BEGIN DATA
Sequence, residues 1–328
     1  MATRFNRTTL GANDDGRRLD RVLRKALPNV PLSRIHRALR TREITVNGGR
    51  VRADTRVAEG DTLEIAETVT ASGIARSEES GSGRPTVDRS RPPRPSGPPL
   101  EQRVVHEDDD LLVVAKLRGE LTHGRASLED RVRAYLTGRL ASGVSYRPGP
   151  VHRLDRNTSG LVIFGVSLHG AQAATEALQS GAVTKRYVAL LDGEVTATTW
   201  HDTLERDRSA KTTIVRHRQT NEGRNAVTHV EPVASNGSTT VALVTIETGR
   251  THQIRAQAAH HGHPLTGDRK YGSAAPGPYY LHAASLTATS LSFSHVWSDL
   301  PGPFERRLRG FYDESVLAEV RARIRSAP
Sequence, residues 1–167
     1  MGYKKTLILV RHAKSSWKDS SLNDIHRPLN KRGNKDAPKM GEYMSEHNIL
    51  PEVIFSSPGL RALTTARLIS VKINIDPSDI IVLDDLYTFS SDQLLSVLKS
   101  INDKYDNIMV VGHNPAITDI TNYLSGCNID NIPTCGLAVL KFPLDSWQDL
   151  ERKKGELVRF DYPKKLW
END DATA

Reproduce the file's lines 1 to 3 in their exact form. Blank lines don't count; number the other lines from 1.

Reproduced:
Sequence, residues 1–328
     1  MATRFNRTTL GANDDGRRLD RVLRKALPNV PLSRIHRALR TREITVNGGR
    51  VRADTRVAEG DTLEIAETVT ASGIARSEES GSGRPTVDRS RPPRPSGPPL